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Title: Brain 'metaflammasome' and risk factors associated with Alzheimer's disease
Author: Taga, Mariko
ISNI:       0000 0004 5990 6106
Awarding Body: University of Southampton
Current Institution: University of Southampton
Date of Award: 2015
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A number of environmental and genetic risk factors have been identified for Alzheimer’s disease (AD) in addition to the well-known factors of ageing and APOE gene polymorphism. These include mainly lipid metabolism (e.g.diabetes) and inflammation. Recent evidence in models of the metabolic disorders obesity and type 2 diabetes suggest the involvement of a metabolic inflammasome (“metaflammasome”) in mediating chronic inflammation. The central component of the metaflammasome is the double-stranded RNA-dependent protein kinase (PKR), which also accumulates in AD brains. Other components of the metaflammasome include the proteins JNK, IKK?and IRS1. Chronic neuroinflammation is a key feature of AD. Therefore my hypothesis is that metabolic risk factors for AD activate a cerebral metaflammasome which, in turn, results in inflammation. To test my hypothesis, I investigated the expression of cerebral metaflammasome components in animals and humans. The effect of the absence of PKR on other metaflammasome components was studied using PKR-/- mice. In an acute model of systemic inflammation, using western blots and immunohistochemistry (IHC) methods, my study showed the absence of the expression of a cerebral metaflammasome in Wild-Type (WT) (n=8) and PKR-/- mice (n=3) at day 1. Similar results were obtained at day 3 (n=3 for both strains) by IHC. However, the results of our chronic high fat diet model (HFD), to reproduce obesity, showed in the WT obese mice (n=14), which developed type 2 diabetes and dyslipidaemia, increased expression of cerebral metaflammasome proteins compared to WT control mice (n=12). Interestingly, no significant difference in the expression of the metaflammasome was observed in PKR-/- HFD mice (n=5) compared to controls (n=4), supporting a key role for PKR in the metaflammasome. Furthermore, no development of type 2 diabetes and dyslipidaemia was found in PKR-/- HFD mice unlike in WT HFD mice. The inhibition of PKR and metaflammasome components could protect against metabolic disorders, which are known risk factors for AD. In the human study, analysis obtained by IHC on brain tissue from 298 participants in the Cognitive Function and Ageing Studies (CFAS) showed that high levels of PKR, JNK and IRS1 were significantly associated with poor cognitive function while a high level of IKK? was associated with good cognitive function (p < 0.05). Among participants without dementia, an increase in metaflammasome proteins was related to a lower neuropathological burden such as plaques and tangles. In contrast, among those with AD, higher levels of metaflammasome proteins were mainly associated with more severe AD pathology (p<0.05). Metaflammasome proteins were positively related to hypertension in non-demented participants, but negatively in those with AD (p<0.05). Regarding diabetes, metaflammasome proteins were negatively associated in both groups, except for JNK (p<0.05). Interestingly, in the presence of dementia, a novel relationship was observed between JNK and IKK?. APOE genotype did not affect metaflammasome proteins. In these studies, we have demonstrated for the first time the presence of a cerebral metaflammasome in the context of metabolic disorders in animals and humans. The animal data suggest an association of the cerebral metaflammasome with metabolic disorders and support the central function of PKR in the expression of metaflammasome components. The human data show an association between the metaflammasome and metabolic disorders, cognitive function and AD pathology, and highlight the modification of relationship between JNK and IKK? during dementia.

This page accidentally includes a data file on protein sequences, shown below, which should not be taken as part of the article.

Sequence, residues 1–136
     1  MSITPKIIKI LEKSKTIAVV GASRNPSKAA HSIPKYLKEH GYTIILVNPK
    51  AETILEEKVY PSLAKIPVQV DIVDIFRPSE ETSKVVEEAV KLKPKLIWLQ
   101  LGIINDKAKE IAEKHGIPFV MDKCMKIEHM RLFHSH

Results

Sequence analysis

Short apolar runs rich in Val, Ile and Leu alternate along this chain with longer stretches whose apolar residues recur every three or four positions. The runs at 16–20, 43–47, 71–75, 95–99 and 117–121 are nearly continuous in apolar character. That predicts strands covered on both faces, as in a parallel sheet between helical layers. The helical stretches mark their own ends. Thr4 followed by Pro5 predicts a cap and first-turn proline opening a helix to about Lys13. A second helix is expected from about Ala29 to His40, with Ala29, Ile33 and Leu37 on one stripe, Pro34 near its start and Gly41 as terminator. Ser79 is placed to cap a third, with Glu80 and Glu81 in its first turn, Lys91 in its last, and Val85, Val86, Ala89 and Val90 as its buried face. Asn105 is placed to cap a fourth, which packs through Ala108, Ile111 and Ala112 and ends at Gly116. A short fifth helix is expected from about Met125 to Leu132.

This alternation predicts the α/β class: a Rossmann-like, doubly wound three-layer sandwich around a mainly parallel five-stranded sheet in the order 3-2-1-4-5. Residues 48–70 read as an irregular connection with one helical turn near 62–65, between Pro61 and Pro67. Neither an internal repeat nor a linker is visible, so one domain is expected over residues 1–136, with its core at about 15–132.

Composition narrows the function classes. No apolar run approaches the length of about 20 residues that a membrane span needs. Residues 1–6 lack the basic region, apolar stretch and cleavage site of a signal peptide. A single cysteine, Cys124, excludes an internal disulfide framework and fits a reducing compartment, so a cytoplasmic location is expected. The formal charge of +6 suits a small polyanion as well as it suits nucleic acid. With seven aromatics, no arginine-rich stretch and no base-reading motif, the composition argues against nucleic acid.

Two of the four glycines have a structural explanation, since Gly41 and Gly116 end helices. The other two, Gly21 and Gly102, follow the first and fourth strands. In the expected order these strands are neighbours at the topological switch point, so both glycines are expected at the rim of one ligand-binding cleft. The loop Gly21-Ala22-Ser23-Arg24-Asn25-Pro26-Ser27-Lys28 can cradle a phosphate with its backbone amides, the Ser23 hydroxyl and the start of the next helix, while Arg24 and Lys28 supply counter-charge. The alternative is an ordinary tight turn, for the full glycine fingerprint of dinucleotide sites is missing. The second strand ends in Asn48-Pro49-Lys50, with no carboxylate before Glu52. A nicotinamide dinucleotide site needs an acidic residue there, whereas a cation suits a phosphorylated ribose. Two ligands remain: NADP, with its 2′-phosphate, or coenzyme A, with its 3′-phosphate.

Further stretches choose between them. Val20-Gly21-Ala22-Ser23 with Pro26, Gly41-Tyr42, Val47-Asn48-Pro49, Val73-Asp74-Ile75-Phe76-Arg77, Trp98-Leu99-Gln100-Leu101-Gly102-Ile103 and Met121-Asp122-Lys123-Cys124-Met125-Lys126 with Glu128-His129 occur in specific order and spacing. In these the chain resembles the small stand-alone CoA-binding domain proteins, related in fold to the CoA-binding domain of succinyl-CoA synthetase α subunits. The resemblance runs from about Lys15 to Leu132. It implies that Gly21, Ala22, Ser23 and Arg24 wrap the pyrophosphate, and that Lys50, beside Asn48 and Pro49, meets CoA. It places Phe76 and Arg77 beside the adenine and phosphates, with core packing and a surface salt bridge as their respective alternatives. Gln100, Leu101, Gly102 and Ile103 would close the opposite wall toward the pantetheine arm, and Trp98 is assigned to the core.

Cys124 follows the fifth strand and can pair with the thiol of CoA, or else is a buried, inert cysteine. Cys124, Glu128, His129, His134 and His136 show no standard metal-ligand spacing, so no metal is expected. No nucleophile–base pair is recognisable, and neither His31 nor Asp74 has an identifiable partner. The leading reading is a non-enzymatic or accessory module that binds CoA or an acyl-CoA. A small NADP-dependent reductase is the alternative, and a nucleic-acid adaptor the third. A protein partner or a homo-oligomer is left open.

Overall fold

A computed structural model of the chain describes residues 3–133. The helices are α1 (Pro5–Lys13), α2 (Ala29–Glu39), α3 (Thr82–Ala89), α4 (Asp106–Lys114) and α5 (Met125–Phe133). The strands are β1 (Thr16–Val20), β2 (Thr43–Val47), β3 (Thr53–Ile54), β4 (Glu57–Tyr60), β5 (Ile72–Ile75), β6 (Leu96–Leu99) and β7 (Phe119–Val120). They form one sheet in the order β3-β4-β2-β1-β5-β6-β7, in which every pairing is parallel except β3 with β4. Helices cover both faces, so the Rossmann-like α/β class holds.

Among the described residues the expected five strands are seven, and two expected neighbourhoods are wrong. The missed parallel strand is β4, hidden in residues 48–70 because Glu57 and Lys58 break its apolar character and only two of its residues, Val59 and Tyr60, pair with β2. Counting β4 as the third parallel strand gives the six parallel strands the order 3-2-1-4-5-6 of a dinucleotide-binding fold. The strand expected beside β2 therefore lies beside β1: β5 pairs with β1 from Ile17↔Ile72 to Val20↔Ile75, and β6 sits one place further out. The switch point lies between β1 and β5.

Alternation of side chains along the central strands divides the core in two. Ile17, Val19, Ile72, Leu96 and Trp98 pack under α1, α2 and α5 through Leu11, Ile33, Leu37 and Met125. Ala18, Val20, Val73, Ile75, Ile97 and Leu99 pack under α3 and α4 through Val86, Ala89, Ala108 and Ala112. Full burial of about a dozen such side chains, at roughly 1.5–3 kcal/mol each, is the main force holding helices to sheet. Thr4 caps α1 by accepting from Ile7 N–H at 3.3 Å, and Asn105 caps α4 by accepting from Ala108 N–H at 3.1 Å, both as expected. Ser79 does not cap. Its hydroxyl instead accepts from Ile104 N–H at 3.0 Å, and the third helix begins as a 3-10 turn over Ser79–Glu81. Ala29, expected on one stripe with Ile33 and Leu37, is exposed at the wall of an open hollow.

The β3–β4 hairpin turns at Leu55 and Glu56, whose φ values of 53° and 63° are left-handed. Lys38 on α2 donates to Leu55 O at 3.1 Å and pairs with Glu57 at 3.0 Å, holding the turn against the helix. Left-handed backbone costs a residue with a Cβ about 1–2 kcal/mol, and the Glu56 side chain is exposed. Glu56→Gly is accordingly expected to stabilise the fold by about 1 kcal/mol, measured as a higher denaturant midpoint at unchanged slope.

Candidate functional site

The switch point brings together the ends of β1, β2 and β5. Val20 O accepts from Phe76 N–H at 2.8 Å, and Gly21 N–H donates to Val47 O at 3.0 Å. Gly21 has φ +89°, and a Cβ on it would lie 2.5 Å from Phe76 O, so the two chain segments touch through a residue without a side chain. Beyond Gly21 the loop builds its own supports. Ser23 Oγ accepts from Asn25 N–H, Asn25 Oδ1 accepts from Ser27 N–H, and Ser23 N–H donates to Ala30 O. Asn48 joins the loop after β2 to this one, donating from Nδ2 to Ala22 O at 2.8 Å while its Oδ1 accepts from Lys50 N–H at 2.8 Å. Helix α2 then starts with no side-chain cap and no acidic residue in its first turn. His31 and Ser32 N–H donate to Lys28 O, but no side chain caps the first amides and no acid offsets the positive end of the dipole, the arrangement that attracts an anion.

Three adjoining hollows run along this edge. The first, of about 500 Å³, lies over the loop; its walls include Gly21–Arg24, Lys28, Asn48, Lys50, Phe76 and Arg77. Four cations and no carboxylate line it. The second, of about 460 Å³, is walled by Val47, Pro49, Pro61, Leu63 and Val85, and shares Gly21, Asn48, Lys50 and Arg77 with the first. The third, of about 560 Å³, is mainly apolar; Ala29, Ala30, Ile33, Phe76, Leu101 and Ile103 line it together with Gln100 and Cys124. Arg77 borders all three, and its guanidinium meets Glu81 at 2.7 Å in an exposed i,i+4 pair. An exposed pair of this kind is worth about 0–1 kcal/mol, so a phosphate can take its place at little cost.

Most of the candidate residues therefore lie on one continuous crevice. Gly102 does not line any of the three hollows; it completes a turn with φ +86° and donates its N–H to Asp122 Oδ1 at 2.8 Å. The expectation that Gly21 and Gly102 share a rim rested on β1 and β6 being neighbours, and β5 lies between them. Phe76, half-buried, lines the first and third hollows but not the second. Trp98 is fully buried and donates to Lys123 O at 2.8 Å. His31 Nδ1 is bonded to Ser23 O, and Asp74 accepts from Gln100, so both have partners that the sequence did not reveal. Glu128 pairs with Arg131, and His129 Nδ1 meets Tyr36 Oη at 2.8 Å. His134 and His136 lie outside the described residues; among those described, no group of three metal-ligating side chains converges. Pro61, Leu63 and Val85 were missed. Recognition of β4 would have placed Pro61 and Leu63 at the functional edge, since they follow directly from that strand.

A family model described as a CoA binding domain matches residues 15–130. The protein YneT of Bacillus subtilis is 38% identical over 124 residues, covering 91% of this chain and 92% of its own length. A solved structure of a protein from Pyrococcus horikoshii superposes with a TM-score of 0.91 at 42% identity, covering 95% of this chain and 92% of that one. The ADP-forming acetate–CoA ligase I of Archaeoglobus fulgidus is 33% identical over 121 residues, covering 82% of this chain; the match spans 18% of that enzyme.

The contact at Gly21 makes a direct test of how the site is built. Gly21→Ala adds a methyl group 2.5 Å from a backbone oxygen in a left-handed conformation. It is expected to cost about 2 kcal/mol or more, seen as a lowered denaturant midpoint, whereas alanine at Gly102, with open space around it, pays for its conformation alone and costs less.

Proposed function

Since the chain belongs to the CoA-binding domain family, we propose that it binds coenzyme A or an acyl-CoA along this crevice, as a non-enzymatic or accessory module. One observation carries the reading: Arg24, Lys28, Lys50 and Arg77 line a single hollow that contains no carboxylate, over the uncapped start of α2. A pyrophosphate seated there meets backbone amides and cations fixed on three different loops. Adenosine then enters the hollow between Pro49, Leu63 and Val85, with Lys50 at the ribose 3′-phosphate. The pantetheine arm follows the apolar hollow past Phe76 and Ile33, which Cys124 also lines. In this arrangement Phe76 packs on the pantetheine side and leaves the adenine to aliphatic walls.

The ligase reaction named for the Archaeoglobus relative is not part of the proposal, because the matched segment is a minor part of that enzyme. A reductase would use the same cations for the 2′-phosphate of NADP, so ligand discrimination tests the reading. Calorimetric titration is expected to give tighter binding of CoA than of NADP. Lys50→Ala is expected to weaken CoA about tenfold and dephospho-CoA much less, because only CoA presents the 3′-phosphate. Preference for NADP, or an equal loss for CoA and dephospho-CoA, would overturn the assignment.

Supervisor: Boche, Delphine ; Nicoll, James ; Hugon, Jacques Sponsor: Not available
Qualification Name: Thesis (Ph.D.) Qualification Level: Doctoral
EThOS ID:  DOI: Not available